I got some messages on Ubuntu Forums on how about installing Ubuntu on the Samsung 5 and especially the model NP530U3C-A07.
I make this guide to help whoever else gets into this problem as the installation is not as straightforward as it may seems.
Boot from USB
I assume you have a bootable USB with Ubuntu. Then follow these steps:
- Make sure you insert the USB stick in the USB2 slot and not the USB3(it has a blue contact)
- Disable “Fast BIOS Mode” from BIOS>Advanced
- Disable “UEFI” from BIOS>Boot
- Reboot, and in BIOS>Boot set your USB stick as the first device to boot from
- Save and reboot
The Samsung NP530U3C-A07 and some others don’t use hybrid hard discs. What they have is a normal HDD and then a very small SSD of about 4 to 30GB. Both of them are seen as separate devices so it’s easy to distinguish which is which by their size.
On the bootup of Linux choose Install Ubuntu(or either Try Ubuntu and then Install from there). When you get to the point where you have to choose where to install(“Installation Type”),
choose “Something Else”. A new screen will pop out letting you choose where to install Ubuntu, format, make partitions, etc. Follow carefully the bellow:
- Choose and format the smaller disk (SSD) to install Ubuntu
- Choose and format the bigger disk (HDD) to as many partitions you want. I format mine as a big ext4 to just store media. The thing to pay attention to is to not reformat this drive in the future as that would probably screw up the bootloader. That happened to me.
- On “Device for bootloader installation:” choose the HDD. It doesn’t matter if you choose the device itself or the partition on it.
Not everything works out of the box but luckily for us there are things that can fix most of them. Bellow are several fixes for different problems.
Flickering screen when changing brightness
- sudo add-apt-repository ppa:voria/ppa
- sudo apt-get update && apt-get install samsung-backlight
Fn keys not working
- sudo add-apt-repository ppa:voria/ppa
- sudo apt-get update && apt-get install samsung-tools
Monitor doesn’t “remember” the brightness after restart
I haven’t fixed this but a workaround is to manually set a default brightness value for every restart. You can do that by automatically editing the /sys/class/backlight/acpi_video0/brightness on every boot. For that we add a line on /etc/rc.local a file that runs on every boot of the OS.
echo 31 > /sys/class/backlight/acpi_video0/brightness to the file /etc/rc.local just before line “exit 0″
Your rc.local file should look something like this:
#!/bin/sh -e # # rc.local # # This script is executed at the end of each multiuser runlevel. # Make sure that the script will "exit 0" on success or any other # value on error. # # In order to enable or disable this script just change the execution # bits. # # By default this script does nothing. echo 31 > /sys/class/backlight/acpi_video0/brightness exit 0
You can change the value 31 to what suits you. You can see what current brightness is with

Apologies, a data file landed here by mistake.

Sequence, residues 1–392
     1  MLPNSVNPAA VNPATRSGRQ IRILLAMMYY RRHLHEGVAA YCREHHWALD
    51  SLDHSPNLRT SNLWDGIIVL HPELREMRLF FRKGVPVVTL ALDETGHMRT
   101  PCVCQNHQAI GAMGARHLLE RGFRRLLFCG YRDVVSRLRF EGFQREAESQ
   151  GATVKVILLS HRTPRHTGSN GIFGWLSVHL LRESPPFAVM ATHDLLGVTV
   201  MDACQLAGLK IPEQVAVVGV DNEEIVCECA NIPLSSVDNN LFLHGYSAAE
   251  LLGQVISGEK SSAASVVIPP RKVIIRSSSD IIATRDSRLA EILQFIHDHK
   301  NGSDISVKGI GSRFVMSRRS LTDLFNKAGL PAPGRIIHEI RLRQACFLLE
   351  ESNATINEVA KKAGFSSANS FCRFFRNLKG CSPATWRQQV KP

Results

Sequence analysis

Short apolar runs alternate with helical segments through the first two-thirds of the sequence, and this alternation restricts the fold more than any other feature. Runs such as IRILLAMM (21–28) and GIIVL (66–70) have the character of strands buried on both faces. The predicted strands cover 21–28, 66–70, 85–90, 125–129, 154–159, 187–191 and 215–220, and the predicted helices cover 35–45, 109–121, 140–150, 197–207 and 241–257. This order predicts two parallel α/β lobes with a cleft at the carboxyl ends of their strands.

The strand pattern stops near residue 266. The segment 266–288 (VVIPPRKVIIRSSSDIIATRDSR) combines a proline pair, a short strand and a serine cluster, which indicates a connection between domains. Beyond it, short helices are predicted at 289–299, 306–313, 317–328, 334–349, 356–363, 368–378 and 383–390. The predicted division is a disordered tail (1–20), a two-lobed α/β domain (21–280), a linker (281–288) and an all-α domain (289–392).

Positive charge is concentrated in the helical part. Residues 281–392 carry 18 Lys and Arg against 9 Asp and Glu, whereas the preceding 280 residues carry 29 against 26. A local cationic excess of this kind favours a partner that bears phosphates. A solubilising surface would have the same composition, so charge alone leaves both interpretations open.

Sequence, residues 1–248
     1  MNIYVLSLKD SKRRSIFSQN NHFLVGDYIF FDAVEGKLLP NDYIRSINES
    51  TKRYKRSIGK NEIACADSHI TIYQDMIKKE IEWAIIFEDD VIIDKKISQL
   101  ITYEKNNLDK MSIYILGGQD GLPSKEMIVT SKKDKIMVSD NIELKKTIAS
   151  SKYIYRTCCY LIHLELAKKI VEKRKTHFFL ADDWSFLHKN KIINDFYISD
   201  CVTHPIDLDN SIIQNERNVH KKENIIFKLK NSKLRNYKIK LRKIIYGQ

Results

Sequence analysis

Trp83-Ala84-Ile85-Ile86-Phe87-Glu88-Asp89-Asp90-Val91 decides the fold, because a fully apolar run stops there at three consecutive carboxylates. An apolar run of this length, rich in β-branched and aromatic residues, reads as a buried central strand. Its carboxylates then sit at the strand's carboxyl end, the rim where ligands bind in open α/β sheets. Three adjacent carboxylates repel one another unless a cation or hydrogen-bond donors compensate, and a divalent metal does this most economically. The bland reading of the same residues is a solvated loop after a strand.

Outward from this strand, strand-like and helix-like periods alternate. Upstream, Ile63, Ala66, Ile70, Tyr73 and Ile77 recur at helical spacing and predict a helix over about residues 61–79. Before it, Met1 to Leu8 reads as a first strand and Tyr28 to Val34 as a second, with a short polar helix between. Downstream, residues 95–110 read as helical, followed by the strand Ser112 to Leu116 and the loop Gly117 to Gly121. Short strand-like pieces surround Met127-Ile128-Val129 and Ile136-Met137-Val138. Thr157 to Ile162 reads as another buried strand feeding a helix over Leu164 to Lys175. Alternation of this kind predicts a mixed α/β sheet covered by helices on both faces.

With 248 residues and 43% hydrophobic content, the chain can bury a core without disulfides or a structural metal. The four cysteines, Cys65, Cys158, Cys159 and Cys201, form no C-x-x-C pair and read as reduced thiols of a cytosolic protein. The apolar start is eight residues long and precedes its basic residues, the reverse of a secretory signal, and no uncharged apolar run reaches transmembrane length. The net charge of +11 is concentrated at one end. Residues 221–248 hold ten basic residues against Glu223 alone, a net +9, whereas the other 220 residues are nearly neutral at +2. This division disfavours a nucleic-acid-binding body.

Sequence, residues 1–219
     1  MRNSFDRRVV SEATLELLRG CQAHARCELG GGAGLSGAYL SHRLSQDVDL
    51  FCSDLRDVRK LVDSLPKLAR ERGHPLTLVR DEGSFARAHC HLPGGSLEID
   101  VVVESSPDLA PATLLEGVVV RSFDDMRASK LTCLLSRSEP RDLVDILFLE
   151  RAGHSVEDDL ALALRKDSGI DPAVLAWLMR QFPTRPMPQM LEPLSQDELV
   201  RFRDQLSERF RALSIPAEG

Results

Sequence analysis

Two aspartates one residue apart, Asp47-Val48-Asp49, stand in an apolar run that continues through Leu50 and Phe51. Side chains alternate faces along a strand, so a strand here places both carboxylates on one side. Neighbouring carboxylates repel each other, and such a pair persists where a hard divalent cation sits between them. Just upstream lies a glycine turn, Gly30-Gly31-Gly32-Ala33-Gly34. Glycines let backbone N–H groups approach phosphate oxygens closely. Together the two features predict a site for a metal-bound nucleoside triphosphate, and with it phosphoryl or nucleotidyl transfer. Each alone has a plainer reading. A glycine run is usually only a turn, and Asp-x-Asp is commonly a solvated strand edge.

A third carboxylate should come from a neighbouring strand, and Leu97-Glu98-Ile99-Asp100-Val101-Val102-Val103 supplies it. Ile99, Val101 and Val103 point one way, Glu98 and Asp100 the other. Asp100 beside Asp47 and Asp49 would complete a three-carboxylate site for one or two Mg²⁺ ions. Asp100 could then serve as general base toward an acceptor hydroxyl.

Mounting hard disc on bootup
Probably your hard disc isn’t mounting automatically on bootup as it doesn’t have any system files. For this we need to edit the fstab file and set the HDD to be mounted automatically on system startup.
- sudo gedit /etc/fstab
- Add an entry for your hard disc. To get the UUID of your hard disc, just type
blkid. Add a new record with default settings and appropriate type. The fstab should look something like this in the end:
# proc /proc proc nodev,noexec,nosuid 0 0 UUID=fdb6fc55-00a1-4ef6-b65b-27e14140f6c2 / ext4 discard,errors=remount-ro 0 1 UUID=900c5900-225a-4c43-953d-f226b8a4cef4 none swap discard,sw 0 0 #Hard disc UUID=8af90249-881c-4e2a-b55c-85b6a66c3767 /media/Hitachi ext4 defaults 0 0
Sombolic links(shortcuts) to HDD
If you use the directories Downloads, Movies, etc. in your home directory it should be wise to make shortcuts for them so they point to the hard disc. There are two major reasons for this. First of all, media files are not going to be “faster” if they are on the SSD so why sacrifice space by using the ultra small SSD and not the huge HDD? Something else to consider is that SSD drives have a specific number of write cycles before they die. Therefore it’s good to have all kind of files that are going to be written/rewritten all the time, on a HDD.
Symbolic links are the same thing as shortcuts in Windows. They are just files that point to an other place, in our case the hard disc.
- First make the apropriate directories on your hard disc. For me the structure for those directories look like this:
/media/Hitachi/Downloads/ /media/Hitachi/Videos/ /media/Hitachi/Music/ /media/Hitachi/Documents/ /media/Hitachi/Pictures/
- Delete the already-there folders in home directory:
rmdir ~/Downloads rmdir ~/Videos rmdir ~/Music rmdir ~/Documents rmdir ~/Pictures
- Make the symbolic links. BE CAREFULL now. You have to be in the folder where you want your symbolic links to appear in:
cd ~ ln -s /media/Hitachi/Downloads/ Downloads ln -s /media/Hitachi/Videos/ Videos ln -s /media/Hitachi/Music/ Music ln -s /media/Hitachi/Documents/ Documents ln -s /media/Hitachi/Pictures/ Pictures
To check that everything is done correctly type
ls -l | egrep "^l"
That shows all symbolic links in current directory.